In my attic there’s an old, green John Lewis plastic bag. Inside are 200 letters from the early 1990s that all begin "Dear Steve" and go on to detail why (insert name of senior person) at (insert name of radio station) won’t be offering me a job as a DJ at the aforementioned station.
Long before I ended up sitting behind a desk, my dream was to be a radio DJ. And long before email, good old-fashioned letters, with a demo tape included, were the way you tried to get in the door.
As my early demo tape attempts deserved to be rejected, I would send out these letters of optimism and, not surprisingly, receive back the blunt letters of rejection, confirming that my tape was currently not good enough but they would "keep me on file".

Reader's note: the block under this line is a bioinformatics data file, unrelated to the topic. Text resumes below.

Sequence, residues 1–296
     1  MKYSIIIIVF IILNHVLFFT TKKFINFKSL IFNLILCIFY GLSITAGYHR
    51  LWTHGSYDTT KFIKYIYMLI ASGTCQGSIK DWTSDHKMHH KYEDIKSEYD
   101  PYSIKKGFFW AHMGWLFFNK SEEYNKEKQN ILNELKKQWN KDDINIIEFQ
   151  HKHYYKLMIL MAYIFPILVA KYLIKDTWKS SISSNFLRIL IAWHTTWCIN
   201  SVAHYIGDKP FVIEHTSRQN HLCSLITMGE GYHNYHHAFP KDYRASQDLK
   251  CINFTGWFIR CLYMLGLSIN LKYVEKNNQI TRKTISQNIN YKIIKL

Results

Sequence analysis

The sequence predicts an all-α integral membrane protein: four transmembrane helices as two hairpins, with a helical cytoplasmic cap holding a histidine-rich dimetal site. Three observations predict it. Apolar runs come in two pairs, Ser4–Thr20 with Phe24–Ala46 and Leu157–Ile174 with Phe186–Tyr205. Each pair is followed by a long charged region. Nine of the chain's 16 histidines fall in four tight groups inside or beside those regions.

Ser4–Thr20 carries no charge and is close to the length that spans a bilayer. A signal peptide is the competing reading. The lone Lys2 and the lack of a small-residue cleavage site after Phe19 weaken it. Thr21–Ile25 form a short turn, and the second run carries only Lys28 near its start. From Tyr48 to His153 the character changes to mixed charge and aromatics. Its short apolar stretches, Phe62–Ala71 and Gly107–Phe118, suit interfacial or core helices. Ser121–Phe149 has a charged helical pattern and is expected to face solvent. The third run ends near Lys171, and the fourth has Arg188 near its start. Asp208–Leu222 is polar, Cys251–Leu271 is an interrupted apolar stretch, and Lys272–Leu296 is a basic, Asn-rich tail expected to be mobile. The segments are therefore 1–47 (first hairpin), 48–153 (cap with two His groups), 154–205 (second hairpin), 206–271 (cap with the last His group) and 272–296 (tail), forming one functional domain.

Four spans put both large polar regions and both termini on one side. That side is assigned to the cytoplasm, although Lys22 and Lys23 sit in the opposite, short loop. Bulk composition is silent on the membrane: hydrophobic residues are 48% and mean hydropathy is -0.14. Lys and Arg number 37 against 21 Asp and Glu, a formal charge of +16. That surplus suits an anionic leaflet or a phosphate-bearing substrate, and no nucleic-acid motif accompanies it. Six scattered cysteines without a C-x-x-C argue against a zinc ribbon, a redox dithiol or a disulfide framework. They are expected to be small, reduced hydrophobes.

I kept every one of those letters, putting them into the John Lewis bag. I’m not sure why I did this but maybe there was a subconscious voice saying, "I’ll show them." So rather than sapping my will and energy, these rejection letters did the reverse, urging me on with a logic defying persistence that meant I did finally get that job – at Signal Radio in Stoke.
I’ve kept that bag of letters all these years. It’s provided me with a constant reminder to never let "no" get in the way. And it’s served to remind me that if that enthusiastic, radio-obsessed boy could have a bucketload of resilience back then, then the older, greyer version certainly can now. Resilience and not accepting "no" – two aspects that are crucial in all the aspects of running a business. From winning and losing, to handling clients and projects, looking after staff and talent, and keeping a focus on the main goal, the green bag has helped in all these challenges.
I haven’t got the bag out of the attic for a few years now, but I know exactly where it is, and the thought of it is enough to remind me that persistence, drive and focus will always pay off, though admittedly, a good demo tape can help you get there quicker.
Steve Ackerman is the managing director at Somethin' Else.